21     notebook and no other evidence of Djordjevic's presence at the meeting

22     exist.

23             Stojanovic testified and confirmed that none of the allegations

24     are correct.  Djordjevic himself stated that on that day he was not in

25     Pristina and he did not attend any meetings.  Witness Vasiljevic stated

Page 14478

 1     that he attended the meeting on the 1st of June, 1999, in Pristina

 2     together with Djordjevic and that the meeting had been presented to him

 3     as a Joint Command meeting.  He did not consider himself a Joint Command

 4     member.  Even if Djordjevic had possibly attended that meeting, that

 5     would not constitute proof that Djordjevic was a JC member in 1999.  The

 6     OTP thinks that Vasiljevic doesn't have a motive to testify falsely and

 7     that Witness Stojanovic has such a motive.  One has to bear in mind that

 8     Witness Vasiljevic provided his statements to the OTP as a suspect and

 9     that he had never received a notification that the OTP no longer treated

10     him as such.

11             Witness Stojanovic, on the other hand, was never a suspect.  The

12     OTP allegation in paragraph 1075 that Djordjevic as the highest-ranking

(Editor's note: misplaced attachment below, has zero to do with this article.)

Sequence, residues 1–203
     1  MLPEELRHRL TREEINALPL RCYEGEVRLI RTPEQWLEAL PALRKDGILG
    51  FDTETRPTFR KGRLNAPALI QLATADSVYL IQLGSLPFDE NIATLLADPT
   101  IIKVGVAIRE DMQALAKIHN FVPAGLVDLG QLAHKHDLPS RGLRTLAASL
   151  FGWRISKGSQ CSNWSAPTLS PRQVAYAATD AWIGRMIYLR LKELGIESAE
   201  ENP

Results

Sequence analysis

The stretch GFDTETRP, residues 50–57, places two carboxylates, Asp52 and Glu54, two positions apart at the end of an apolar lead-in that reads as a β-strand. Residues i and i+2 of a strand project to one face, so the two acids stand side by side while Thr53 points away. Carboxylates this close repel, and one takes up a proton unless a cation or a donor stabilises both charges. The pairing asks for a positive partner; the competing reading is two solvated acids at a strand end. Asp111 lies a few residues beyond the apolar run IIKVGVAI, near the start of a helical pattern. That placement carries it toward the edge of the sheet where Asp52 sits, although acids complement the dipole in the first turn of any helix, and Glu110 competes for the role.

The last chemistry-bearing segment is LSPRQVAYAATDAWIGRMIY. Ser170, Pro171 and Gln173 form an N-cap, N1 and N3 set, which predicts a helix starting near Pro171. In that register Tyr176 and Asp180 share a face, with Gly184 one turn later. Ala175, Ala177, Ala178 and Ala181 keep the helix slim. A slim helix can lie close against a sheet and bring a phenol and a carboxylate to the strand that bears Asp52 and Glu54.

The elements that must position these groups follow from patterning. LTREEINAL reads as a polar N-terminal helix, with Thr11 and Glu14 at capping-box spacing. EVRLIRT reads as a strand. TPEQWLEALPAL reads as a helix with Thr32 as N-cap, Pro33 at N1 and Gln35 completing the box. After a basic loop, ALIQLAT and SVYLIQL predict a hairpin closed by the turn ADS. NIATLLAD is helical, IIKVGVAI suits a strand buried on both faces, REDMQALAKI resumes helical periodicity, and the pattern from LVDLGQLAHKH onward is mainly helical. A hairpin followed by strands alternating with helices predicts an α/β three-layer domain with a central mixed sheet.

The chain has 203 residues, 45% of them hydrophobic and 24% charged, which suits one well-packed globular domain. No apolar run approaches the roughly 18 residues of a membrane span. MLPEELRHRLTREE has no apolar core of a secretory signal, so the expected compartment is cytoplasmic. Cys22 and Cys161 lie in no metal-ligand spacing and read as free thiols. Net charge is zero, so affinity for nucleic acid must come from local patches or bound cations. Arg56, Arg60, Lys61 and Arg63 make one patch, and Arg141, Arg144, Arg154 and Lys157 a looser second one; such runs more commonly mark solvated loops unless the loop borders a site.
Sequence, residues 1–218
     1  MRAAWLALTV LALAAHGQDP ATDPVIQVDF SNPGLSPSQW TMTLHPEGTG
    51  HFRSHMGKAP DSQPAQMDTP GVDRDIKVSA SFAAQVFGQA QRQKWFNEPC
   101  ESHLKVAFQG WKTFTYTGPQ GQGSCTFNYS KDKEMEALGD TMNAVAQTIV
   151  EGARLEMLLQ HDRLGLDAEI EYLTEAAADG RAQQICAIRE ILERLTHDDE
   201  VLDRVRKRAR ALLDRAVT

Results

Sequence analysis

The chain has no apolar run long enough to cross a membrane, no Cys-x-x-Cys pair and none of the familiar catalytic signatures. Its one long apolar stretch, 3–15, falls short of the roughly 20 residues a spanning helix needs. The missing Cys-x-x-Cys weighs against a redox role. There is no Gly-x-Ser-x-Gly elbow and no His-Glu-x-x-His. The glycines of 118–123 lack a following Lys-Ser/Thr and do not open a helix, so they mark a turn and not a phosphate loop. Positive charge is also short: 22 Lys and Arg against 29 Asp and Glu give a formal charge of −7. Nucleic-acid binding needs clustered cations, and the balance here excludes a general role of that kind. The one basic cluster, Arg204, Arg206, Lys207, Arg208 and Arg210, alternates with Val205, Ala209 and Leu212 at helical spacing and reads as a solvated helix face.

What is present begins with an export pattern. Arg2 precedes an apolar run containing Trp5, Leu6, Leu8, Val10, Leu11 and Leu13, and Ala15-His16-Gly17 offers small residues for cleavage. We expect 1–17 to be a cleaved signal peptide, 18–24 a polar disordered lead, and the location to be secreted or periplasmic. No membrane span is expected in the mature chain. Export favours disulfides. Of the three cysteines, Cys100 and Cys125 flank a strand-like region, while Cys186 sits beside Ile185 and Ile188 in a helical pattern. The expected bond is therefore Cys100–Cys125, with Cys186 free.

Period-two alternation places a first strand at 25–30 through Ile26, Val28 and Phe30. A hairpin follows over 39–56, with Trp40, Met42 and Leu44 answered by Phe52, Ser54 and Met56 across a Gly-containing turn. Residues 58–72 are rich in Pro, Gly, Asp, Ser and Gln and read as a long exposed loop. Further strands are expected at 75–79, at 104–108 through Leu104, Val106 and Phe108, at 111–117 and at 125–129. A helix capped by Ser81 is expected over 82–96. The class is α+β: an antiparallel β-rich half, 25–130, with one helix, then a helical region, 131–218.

13     MUP officer commanded and controlled MUP units and attached units during

14     combat operations has not been proven beyond reasonable doubt.  The OTP

15     did not proffer evidence to corroborate such allegations.  Article 54 of

16     the regulation on the organisation of the MUP prescribes that departments

17     are headed by chiefs of departments.  This was corroborated by Djordjevic

18     during his testimony when he explained the regulation on the internal

19     organisation of the MUP, Exhibit P357.  The notorious fact is that the

20     regulation on the internal organisation of the MUP was passed by the

21     minister of the interior and regulated the command of the MUP.  However,

22     the minister has the authority to change the MUP's competencies,